In terms of my presentation, the working title is, “Fact and Fiction in the Gold Market”. I started at J. Aron and Goldman Sachs in the research department, the purpose of which was predicated on the idea that there is a lot of bad information on gold and silver in the markets. If you can develop a better stream of market intelligence, and analysis, you can probably regularly beat the market. Over the 30 years that I’ve been running this company, our performance has proven that thesis to be true. So what I will be doing, in a very short time of about 40 minutes, is going through a variety of things that people believe about gold and then I’ll be talking about the actual reality or statistical reality behind those things.

EQ: Do you have any closing thoughts for readers looking to attend the conference?

Christian: A few years ago, someone was interviewing me at a major conference and they were asking about the junior mining sector. I told them that the junior mining sector is a place where enormous wealth has been created for hundreds of years, but the way I termed it is it’s a treacherous stream to swim in because you have to be able and willing to do your own homework to try to discern the good from the bad investments. It’s a very lucrative stream, but you have to be willing to study hard to do well. I think that’s really the way to look at the companies that you have before you. Do your homework to see which ones have real prospects to move forward, and which ones don’t.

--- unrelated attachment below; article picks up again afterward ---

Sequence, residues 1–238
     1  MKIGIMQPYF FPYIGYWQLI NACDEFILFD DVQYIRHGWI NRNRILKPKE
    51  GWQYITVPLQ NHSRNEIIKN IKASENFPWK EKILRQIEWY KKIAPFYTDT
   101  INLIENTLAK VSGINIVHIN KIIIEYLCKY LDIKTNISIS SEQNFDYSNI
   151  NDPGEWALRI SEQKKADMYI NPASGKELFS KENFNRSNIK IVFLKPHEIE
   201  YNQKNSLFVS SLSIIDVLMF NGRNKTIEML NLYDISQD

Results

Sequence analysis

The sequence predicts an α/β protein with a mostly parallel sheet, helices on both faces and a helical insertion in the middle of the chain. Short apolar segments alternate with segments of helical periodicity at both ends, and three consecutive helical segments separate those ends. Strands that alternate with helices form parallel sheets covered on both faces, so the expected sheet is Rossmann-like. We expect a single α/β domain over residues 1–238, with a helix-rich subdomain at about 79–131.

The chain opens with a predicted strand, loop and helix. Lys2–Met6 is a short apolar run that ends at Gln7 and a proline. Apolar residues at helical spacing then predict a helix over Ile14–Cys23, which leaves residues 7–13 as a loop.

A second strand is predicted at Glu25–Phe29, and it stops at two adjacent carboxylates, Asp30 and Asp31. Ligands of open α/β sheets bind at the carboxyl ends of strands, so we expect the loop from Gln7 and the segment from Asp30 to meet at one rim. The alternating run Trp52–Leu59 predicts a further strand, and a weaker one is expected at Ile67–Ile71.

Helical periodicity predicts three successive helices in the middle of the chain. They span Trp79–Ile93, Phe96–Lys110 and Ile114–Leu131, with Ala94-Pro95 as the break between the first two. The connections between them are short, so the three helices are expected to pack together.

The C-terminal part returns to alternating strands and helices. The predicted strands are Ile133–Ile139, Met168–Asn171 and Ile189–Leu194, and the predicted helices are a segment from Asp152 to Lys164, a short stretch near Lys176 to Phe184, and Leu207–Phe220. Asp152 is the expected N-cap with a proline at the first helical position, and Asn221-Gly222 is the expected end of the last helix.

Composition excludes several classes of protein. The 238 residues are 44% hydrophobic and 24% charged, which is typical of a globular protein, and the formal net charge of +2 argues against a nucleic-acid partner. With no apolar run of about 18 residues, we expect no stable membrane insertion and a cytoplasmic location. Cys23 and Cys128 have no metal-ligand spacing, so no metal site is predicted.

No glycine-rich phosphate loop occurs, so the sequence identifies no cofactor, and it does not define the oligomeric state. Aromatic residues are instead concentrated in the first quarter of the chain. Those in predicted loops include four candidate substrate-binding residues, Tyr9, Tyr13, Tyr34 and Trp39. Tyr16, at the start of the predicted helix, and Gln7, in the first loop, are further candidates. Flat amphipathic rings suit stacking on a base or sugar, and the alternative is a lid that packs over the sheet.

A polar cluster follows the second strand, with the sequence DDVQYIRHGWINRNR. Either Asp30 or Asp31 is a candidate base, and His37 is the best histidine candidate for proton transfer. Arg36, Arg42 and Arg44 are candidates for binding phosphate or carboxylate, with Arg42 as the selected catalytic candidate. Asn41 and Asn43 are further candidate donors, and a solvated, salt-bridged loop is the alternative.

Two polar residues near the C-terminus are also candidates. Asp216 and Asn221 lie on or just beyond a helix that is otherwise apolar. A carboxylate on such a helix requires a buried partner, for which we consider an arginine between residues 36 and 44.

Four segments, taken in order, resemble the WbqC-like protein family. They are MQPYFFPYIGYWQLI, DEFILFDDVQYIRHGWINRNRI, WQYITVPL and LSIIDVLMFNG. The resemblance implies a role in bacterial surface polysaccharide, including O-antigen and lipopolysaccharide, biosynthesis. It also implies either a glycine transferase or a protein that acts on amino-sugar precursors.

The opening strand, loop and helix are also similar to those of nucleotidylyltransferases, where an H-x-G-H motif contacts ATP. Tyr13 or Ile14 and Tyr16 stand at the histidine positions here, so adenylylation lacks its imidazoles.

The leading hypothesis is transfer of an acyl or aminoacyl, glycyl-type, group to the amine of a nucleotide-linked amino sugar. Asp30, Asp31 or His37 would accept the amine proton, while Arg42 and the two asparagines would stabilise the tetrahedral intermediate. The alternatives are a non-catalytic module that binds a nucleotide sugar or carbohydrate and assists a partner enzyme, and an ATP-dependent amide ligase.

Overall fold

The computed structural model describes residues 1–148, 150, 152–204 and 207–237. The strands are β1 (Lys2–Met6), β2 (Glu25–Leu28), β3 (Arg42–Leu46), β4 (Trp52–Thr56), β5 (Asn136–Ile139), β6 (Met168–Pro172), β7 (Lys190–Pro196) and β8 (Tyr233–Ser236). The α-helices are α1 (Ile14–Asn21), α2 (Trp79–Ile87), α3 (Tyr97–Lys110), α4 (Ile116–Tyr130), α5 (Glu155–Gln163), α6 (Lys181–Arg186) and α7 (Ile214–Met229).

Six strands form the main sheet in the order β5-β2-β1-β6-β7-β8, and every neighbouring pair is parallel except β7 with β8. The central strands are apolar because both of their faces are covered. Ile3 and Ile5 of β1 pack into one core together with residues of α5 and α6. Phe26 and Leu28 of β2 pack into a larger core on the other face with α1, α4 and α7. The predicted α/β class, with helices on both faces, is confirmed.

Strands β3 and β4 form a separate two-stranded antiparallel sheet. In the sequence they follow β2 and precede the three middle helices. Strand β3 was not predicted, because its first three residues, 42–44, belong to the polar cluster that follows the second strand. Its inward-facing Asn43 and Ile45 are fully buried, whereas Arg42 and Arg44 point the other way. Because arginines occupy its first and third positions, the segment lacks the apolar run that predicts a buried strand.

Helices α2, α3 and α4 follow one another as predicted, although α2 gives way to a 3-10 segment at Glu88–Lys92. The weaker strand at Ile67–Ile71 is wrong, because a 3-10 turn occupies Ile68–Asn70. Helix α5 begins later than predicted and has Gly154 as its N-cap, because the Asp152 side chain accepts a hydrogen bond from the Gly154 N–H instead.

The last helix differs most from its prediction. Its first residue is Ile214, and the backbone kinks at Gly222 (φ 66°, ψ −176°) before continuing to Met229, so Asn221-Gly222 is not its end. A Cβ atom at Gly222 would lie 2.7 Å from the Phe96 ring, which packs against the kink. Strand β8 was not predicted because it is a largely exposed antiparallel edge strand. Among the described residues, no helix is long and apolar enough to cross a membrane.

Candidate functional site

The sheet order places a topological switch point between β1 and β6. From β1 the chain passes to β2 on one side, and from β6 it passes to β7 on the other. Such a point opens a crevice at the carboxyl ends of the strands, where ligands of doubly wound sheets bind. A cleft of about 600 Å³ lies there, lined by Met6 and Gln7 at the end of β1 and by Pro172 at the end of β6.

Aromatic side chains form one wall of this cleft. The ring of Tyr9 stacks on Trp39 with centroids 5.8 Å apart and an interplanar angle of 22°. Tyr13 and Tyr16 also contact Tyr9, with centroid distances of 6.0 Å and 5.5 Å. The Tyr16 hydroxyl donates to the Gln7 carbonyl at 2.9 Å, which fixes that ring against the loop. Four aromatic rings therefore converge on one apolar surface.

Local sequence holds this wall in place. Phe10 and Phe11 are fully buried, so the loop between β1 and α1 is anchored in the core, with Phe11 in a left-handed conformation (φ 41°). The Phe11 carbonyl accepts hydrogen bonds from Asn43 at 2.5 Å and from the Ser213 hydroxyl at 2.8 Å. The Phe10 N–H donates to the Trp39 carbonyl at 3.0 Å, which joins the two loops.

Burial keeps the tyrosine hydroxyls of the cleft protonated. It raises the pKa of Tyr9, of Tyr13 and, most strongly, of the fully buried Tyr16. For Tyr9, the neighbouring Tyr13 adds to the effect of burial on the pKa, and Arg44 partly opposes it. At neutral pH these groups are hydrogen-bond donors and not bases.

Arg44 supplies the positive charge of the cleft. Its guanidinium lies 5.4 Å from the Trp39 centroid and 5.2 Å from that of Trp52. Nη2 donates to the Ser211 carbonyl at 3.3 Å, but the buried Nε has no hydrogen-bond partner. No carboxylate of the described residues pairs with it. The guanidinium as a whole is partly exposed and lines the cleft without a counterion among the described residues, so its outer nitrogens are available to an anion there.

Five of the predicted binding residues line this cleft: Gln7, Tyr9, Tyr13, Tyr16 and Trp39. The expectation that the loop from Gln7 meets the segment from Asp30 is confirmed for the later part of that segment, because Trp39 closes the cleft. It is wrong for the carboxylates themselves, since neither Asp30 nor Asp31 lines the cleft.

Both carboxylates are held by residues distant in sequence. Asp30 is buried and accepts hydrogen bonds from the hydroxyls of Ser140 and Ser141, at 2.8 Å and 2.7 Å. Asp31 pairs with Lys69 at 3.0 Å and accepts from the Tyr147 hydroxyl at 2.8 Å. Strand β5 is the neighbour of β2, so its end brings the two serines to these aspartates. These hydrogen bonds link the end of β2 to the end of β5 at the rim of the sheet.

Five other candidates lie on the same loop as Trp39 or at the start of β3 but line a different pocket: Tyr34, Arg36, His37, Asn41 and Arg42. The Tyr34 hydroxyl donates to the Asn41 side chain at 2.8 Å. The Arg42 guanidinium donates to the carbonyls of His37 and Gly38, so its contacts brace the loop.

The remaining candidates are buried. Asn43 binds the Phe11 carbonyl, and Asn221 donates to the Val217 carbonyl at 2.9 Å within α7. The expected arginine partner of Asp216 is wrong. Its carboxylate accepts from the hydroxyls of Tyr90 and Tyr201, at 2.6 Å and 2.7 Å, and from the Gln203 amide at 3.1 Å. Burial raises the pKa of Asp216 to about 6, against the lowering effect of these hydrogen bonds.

DISCLOSURE: The views and opinions expressed in this article are those of the authors, and do not represent the views of equities.com. Readers should not consider statements made by the author as formal recommendations and should consult their financial advisor before making any investment decisions. To read our full disclosure, please go to: http://www.equities.com/disclaimer